Another hit from Phrizbee. Phrizbee then goes up HexaDecimator's ramp and does some more damage. HexaDecimator doesn't even fire the weapon.
Phrizbee spins down and retreats to the center of the box. HexaDecimator gets hit by some saws.
Phrizbee sits next to the saws for a few moments, still not spinning. HexaDecimator moves to the center of the box. Phrizbee spins up again and attacks HexaDecimator.
Phrizbee taps away at HexaDecimator's sides, then lands another good blow to the front. Phrizbee aims for the front again, connects, and tears off one of the pieces of metal making up the corner of the wedge.
Phrizbee hits HexaDecimator's side again. HexaDecimator wedges under Phrizbee and stops the spinning, but Phrizbee bounces off before the flipping arm goes up.
Still spun down, Phrizbee is driving awfully near HexaDecimator. HexaDecimator turns around, gets the flipping arm underneath Phrizbee, raises it, and up and over Phrizbee goes. That's all HexaDecimator needs to win.
Phrizbee's body begins to spin inside its shell. HexaDecimator raises the arm in victory and does the dance. This fight is over.
Here's a good, open-ended interview question, courtesy of Carmen Electra: "Somehow you ended up getting flipped. What happened?"
It's time for part two of How to Build a Bot with Christian Carlberg. He connects some wires and makes a servo turn with a radio. We also get to see a clip of him flipping a switch on Minion while it's in the box. Criminy, how much footage do they shoot for this show?
Commercials. I can't take the "Heroes of Black Comedy" special seriously when the title is done in the "Price is Right" font.
A short segment where some builders in the pits show off their favorite tools. Fun behind-the-scenes fact: In the last clip, the blow from the hammer against the wood actually caused Lowell Nelson's toe to be seriously injured. You can see him hop in pain right after the hammer lands. And for further behind-the-scenes fun, rewind this episode back to the "fixing your robot between fights" set of clips. The duct tape being applied to Lowell's foot comes as a result of that toe injury.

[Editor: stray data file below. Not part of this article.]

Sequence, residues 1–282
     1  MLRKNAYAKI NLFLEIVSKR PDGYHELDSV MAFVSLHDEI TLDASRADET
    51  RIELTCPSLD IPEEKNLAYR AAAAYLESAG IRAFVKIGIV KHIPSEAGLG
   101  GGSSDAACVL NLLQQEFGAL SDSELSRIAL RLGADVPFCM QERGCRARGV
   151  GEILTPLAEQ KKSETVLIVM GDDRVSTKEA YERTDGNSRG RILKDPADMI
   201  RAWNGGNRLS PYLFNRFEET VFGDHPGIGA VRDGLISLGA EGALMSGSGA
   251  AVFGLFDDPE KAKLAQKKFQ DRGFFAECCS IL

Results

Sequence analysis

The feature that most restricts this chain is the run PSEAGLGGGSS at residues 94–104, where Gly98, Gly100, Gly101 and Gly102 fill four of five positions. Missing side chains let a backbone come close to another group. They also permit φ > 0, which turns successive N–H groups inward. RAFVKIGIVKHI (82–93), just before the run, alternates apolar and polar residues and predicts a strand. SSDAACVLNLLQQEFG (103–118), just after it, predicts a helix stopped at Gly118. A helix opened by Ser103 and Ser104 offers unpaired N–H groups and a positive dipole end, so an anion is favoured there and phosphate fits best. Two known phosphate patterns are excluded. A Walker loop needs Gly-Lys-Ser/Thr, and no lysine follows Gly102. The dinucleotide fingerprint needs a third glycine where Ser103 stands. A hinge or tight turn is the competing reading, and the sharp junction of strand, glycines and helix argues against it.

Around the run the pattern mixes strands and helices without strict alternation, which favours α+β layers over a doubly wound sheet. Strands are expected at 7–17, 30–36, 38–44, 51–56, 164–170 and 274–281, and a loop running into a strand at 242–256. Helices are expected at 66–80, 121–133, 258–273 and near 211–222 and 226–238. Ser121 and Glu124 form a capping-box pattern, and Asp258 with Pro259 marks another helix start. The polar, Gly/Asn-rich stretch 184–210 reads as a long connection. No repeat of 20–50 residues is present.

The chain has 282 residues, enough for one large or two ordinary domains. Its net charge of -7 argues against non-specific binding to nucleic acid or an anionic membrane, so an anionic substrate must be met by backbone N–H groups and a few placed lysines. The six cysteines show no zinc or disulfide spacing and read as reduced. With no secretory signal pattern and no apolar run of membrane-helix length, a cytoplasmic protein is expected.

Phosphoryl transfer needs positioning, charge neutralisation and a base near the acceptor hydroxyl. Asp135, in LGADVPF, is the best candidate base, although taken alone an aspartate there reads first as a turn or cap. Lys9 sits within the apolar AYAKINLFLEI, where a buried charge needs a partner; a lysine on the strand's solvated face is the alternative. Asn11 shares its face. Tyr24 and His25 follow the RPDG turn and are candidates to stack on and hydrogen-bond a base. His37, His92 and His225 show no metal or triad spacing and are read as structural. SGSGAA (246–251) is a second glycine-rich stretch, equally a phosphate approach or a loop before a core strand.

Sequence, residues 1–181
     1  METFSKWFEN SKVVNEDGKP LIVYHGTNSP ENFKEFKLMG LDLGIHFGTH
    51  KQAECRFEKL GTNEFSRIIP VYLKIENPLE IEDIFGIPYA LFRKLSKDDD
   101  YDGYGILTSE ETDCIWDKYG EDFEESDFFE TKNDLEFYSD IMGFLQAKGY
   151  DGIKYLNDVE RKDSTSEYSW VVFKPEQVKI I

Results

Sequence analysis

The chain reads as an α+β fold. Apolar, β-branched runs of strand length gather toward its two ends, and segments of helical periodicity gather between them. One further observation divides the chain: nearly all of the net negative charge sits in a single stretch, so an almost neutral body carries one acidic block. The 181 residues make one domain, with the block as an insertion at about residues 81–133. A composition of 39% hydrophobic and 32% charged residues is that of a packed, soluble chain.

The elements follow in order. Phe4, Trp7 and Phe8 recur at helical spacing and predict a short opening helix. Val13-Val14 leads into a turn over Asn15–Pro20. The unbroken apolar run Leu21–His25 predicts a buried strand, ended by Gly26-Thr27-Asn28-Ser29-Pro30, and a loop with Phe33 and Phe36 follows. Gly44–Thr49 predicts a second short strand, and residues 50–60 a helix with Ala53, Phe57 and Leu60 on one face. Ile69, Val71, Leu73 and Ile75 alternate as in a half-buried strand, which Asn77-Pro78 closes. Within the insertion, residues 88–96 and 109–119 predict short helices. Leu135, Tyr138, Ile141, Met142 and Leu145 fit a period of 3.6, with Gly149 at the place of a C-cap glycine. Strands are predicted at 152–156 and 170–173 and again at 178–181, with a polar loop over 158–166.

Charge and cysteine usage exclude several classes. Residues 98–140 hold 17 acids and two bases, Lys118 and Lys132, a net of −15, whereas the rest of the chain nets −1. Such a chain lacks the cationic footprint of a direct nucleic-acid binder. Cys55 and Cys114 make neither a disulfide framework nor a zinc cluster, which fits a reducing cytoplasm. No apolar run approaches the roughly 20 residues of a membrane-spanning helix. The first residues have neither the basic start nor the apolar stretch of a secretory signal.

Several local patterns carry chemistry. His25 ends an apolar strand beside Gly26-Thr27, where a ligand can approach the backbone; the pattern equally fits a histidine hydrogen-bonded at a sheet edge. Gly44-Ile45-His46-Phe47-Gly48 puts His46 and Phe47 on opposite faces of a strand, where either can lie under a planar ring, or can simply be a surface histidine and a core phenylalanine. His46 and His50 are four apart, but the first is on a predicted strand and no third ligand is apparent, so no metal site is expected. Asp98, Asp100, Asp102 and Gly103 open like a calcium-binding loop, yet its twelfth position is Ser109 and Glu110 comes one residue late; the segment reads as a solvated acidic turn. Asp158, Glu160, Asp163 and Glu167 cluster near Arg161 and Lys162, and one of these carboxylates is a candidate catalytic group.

This hour has had several bright spots. Sadly, this next segment is not one of them. Arj Barker goes to a laboratory to talk to a woman who designs dolls to watch and mimic human behavior. Suffice it to say that communication doesn't go very well.
(One nice thing about these non-fighting segments is that I summarize them in a paragraph or so, as opposed to the pages upon pages of robotic combat descriptions. They help me get through these essays faster.)
Here's an actual fight. Heavyweights Omega-13 versus The Matador. Omega-13 looks the same as last time, except they painted black all over the beautiful titanium. Man. The Matador is the newest creation from Inertia Labs. It pretty much looks like a smaller Toro. This thing is the most proportionately powerful of all the Inertia Labs bots. Oh baby, I can't wait to see it in action.
Let's get it on! Omega-13 is the squirrellier of the two robots. The Matador has an extra piece of metal attached to the end of the flipping arm, as the arm doesn't scrape the ground, while Omega-13 nearly does. As Omega-13 bounces around the box, The Matador tries to get in position. On its first attempt at flipping, Omega-13 gets away. The Matador goes nearly vertical from the power of its own flipping arm. And lots of CO2 comes out. Whoo.
Bil keeps calling The Matador "El Matador." Why? I don't see him calling any robots "T-Menos."
Omega-13 keeps running away from The Matador, while The Matador has trouble going where it wants to. The Matador goes over a couple sets of saws. The thing here is, while The Matador isn't flipping Omega-13, Omega-13 really isn't showing much in the way of offense, either.
Oh wait, there it goes. Omega-13 gets underneath The Matador and drives it into the wall.
More positioning. Omega-13 seems to be doing a lot of spinning in place.
A slam by Omega-13. While the two bots continue to position, let's remember that last season, T-Minus lost to T-Wrex. Same builders, similarly-designed robots. This is a grudge match for Inertia Labs.
The Matador drives its big body into and onto the spikes. It almost gets hit by a hammer, except the hammer didn't drop.
The Matador gets under Omega-13. And it flips! Omega-13 does a full 360° in the air and lands right side up. Not that it matters either way, since Omega-13 is invertible.
Omega-13 escapes, then returns to the center of the box. It spins and hits The Matador, producing a lone spark.
A little more driving. The Matador gets under Omega-13 again and pulls the trigger. Omega-13 gets a little air, but isn't flipped. It is, however, sent into the corner, where it takes a hit from the hammer. Omega-13 escapes the hammer... right into the flipping arm of The Matador. The Matador activates the arm again... and Omega-13 goes flying! A whopping 720° somersault (two complete revolutions) by Omega-13, thanks to The Matador!